Compared to AF-S Nikkor 50mm f/1.4G

The big question facing potential buyers of the 58mm f/1.4G is how it compares to the much-cheaper 50mm f/1.4G, which on the face of it has a very similar specification, but is much smaller and cheaper. This decision isn't helped by the fact that, if you compare the studio test data of the lenses side-by-side, the 50mm appears to be ahead in some respects - most notably edge sharpness.

Here we're looking at images shot side-by-side on the two lenses under controlled conditions. We've made three comparisons - for sharpness in good light, for coma in night-time shooting, and for the rendition of out-of-focus backgrounds.

Sharpness compared

The rollover below shows how the two lenses compare on the D800. These images were shot on a tripod from the same position, with the lenses focused manually using magnified live view. The Raw files were processed in Adobe Camera Raw, with lens corrections disabled and standardised sharpening applied. Note that the comparison is slightly complicated by the difference in focal lengths - the crops from the 50mm are lower in magnification and come from closer to the centre of the frame - but that's unavoidable in this case.

Roll your mouse over the aperture labels to see the corresponding images, with 100% crops taken from the centre, edge and corner of the frame. Click on any image to download the full-resolution file.

AF-S Nikkor 58mm f/1.4G
F1.4
F2
F2.8
F4
F5.6
F8
F11
F16
AF-S Nikkor 50mm f/1.4G
F1.4
F2
F2.8
F4
F5.6
F8
F11
F16

The differences here are quite subtle, but some clear conclusions can be drawn. Both lenses give somewhat imperfect images wide open, but the 50mm is distinctly soft and hazy. The 58mm, in contrast, offers higher contrast, but at the cost of some visible magenta fringing from longitudinal chromatic aberration.

Both lenses improve dramatically on stopping down to F2, but the 58mm is visibly sharper all round. Stop down to F4 and it's clear that the soft corners predicted for the 58mm in chart testing aren't relevant for this three dimensional, distant subject - if anything the 58mm is outperforming the 50mm, rather than the other way round. Neither lens has any serious problem with lateral chromatic aberration, but there's a hint of colour fringing in the corner crops from the 50mm that's just not present with the 58mm.

Probably the most interesting information, though, comes from the fine detail in the foliage towards the edge of the frame (centre of the three 100% crops). Here the 58mm shows a dramatic advantage over the 50mm, even when taking the difference in magnification into account. The 50mm needs to be stopped down to F5.6 to pick out all the detail here; the 58mm matches it at about F2.8.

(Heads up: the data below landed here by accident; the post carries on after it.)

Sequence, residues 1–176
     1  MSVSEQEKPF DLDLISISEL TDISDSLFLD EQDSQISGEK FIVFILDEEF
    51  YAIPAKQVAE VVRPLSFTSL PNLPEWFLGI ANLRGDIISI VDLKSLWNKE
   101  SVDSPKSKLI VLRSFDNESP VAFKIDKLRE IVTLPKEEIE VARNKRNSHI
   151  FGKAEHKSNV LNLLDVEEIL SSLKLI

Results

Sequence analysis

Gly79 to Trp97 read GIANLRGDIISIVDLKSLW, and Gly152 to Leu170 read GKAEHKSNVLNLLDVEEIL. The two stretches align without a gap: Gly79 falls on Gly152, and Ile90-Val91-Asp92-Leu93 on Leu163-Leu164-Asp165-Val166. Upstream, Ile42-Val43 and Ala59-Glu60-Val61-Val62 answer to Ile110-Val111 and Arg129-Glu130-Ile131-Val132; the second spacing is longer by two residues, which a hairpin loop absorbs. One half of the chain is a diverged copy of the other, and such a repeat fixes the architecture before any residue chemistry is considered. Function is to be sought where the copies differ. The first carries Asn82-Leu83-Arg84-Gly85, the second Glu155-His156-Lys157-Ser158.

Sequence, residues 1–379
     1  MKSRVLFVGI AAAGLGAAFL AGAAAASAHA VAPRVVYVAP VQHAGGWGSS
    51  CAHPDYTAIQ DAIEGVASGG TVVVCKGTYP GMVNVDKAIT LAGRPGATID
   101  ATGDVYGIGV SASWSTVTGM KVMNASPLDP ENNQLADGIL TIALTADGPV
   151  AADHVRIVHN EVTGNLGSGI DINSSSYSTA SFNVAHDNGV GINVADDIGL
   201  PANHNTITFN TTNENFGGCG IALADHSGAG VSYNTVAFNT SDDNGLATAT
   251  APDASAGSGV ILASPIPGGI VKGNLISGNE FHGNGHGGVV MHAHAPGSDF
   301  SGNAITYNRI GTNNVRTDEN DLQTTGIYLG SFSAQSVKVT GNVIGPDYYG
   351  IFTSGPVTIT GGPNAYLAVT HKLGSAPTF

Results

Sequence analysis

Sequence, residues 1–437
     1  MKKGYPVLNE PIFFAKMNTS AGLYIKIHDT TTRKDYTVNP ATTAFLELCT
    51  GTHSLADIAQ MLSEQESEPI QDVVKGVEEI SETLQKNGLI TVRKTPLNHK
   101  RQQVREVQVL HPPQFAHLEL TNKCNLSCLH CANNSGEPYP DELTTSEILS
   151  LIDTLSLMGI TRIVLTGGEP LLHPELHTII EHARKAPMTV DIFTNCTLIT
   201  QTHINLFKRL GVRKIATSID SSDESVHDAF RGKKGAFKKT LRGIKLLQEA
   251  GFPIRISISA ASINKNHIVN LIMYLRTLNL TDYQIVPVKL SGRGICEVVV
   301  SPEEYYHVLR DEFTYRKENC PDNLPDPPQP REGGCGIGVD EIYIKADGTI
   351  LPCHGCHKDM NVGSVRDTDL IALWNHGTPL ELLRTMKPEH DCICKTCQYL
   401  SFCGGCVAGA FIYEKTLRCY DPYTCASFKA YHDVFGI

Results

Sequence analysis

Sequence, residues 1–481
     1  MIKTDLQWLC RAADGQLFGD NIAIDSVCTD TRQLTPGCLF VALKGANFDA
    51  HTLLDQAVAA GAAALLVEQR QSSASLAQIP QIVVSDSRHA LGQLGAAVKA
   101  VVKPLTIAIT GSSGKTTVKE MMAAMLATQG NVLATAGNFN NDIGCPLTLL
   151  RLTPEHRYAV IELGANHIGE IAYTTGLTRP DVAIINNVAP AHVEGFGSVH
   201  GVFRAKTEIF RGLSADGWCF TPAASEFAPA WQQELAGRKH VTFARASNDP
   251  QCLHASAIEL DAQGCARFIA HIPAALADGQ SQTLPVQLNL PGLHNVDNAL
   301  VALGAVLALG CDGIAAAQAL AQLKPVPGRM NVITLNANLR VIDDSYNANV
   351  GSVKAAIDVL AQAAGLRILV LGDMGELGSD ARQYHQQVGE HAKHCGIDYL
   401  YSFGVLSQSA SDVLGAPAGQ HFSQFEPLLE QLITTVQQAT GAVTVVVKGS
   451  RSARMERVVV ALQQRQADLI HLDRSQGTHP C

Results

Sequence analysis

The take-home message here is that, with sufficiently dedicated pixel-peeping, we can see a real advantage for the 58mm over the 50mm in terms of sharpness. But we really do have to look closely.

Night-time comparison: Coma

In our second comparison we've taken the same set of shots a few hours later. The aim here is to look at coma and astigmatism - aberrations which cause point light sources towards the edge of the frame to flare out. Nikon says that the 58mm has been specifically designed to minimise this - let's see what this means in practice. Here we're taking crops from bright light sources towards the edge of frame - again with the 50mm these come from closer to the centre, which places it an advantage here.

Scene overview (AF-S Nikkor 58mm f/1.4G, F1.4)
AF-S Nikkor 58mm f/1.4G
AF-S Nikkor 50mm f/1.4G
F1.4, 100% crop F1.4, 100% crop
F2, 100% crop F2, 100% crop
F2.8, 100% crop F2.8, 100% crop
F8, 100% crop F8, 100% crop

This is one area where the 58mm surpasses the 50mm comfortably. Instead of flaring out dramatically at large apertures, point light sources are rendered much closer to circular. This means that the 58mm can be used wide open with much more confidence in these situations, and should also make it well-suited to demanding applications such as astrophotography.

For both lenses, stopping down beyond F2.8 does little to reduce coma any further, but instead results in 18-ray star patterns from the 9-bladed aperture diaphragm.

Portrait comparison - bokeh

The third comparison we're going to make regards the two lenses' rendition of out-of-focus areas of a scene, or 'bokeh'. This is an important consideration with fast primes, which are frequently used to give subject isolation against a blurred background. In the example below we've shot the two lenses from the same position at a series of apertures. But this time, rather then taking 100% crops, we've simply take crops from the corresponding area of the background for both lenses.

Scene overview (AF-S Nikkor 58mm f/1.4G, F1.4)
AF-S Nikkor 58mm f/1.4G
AF-S Nikkor 50mm f/1.4G
F1.4, background crop F1.4, background crop
F2.8, background crop F2.8, background crop
F5.6, background crop F5.6, background crop

Again the differences here are rather subtle, but the 58mm does a better job of smoothly blurring-away this particular area of the background. This is most noticeable with the F1.4 shots - the 50mm version looks noticeably 'busier' - but it persists to some extent as you stop down, too. This is easiest to appreciate by downloading and comparing the full-size images; there's nothing obviously wrong with those taken using the 50mm, but those from the 58mm just look nicer.

We noted the 50mm F1.4G's relatively attractive bokeh for its class in our review of that lens, and the 58mm takes this desirable characteristic just that bit further.